Mary Jane Buttery

25 December 1826–6 October 1904 (Age 77)
Stamford, Fairfield, Connecticut, United States

The Life of Mary Jane

When Mary Jane Buttery was born on 25 December 1826, in Stamford, Fairfield, Connecticut, United States, her father, William Buttery Jr., was 33 and her mother, Polly Lockwood, was 33. She married John Henry Stevens on 29 October 1843, in Stamford, Fairfield, Connecticut, United States. They were the parents of at least 8 sons and 4 daughters. She lived in Connecticut, United States for about 44 years. She died on 6 October 1904, in Darien, Fairfield, Connecticut, United States, at the age of 77, and was buried in Darien, Fairfield, Connecticut, United States.

Photos & Memories (3)

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Family Time Line

John Henry Stevens
Mary Jane Buttery
Marriage: 29 October 1843
James H. Stevens
Josephine Stevens
Eliza Jane Stevens
William W. Stevens
Emma F. Stevens
Charles Etta Stevens
John Fremont Stevens
Sarah Elizabeth Stevens
Elmer E. Stevens
Robert Stevens
Samuel Francis Stevens
Arthur David Stevens

Spouse and Children

29 October 1843
Stamford, Fairfield, Connecticut, United States


+7 More Children

Parents and Siblings

    William Buttery Jr.


    Polly Lockwood




    James Buttery


    William Buttery


    Joseph Buttery


    Samuel Buttery


    John Buttery


+3 More Children

World Events (8)

1829 · Farmington Canal Opened

Age 3

Farmington Canal spans 2,476 acres, starting from New Haven, Connecticut, and on to Northampton, Massachusetts. The groundbreaking for the canal was in 1825 and opened in 1829.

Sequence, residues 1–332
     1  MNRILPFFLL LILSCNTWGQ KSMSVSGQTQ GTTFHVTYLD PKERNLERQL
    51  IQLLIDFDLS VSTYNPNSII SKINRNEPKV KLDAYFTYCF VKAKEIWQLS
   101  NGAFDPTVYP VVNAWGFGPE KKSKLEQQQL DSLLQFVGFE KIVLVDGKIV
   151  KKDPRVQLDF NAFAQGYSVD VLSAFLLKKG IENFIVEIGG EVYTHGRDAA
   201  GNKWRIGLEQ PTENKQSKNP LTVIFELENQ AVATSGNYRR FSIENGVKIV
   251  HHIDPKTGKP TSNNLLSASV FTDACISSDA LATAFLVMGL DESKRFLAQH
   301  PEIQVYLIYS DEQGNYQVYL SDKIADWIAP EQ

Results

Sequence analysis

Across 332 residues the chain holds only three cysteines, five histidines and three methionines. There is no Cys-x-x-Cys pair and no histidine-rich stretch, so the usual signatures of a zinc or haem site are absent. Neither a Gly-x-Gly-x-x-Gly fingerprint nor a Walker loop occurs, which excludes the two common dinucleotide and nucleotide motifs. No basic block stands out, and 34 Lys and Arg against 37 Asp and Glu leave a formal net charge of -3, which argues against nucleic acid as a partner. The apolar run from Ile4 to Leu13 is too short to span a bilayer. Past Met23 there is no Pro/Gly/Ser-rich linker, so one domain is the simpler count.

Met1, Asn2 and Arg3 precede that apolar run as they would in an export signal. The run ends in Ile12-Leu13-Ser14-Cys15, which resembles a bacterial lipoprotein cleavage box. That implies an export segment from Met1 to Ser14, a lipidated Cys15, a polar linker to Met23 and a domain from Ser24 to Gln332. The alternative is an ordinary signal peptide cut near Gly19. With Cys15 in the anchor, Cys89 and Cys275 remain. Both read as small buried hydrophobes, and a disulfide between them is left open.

1830 · The Second Great Awakening

Age 4

Being a second spiritual and religious awakening, like the First Great Awakening, many Churches began to spring up from other denominations. Many people began to rapidly join the Baptist and Methodist congregations. Many converts to these religions believed that the Awakening was the precursor of a new millennial age.
1848 · Slavery is Abolished

Age 22

In 1840, the American Anti-Slavery Society split and slavery started being outlawed in the state. In Canterbury, Connecticut, Prudence Crandall started a school for young African American girls. The people got mad and Crandall was taken to court. The case was lost and that was the beginning of many other cases that would be lost, but it was also the start of having slavery abolished.

Name Meaning

English: from Anglo-Norman French boterie ‘buttery’ (Late Latin botaria, a derivative of bota ‘cask’), hence a metonymic occupational name for the keeper of a buttery. The term originally denoted a store for liquor but soon came to mean a store for provisions in general.

Dictionary of American Family Names © Patrick Hanks 2003, 2006.

Possible Related Names

Sources (3)

  • Mary J Stevens in household of John H Stevens, "United States Census, 1860"
  • Mary Stephens in household of J H Stephens, "United States Census, 1850"
  • Mary J Stevens in household of John H Stevens, "United States Census, 1880"

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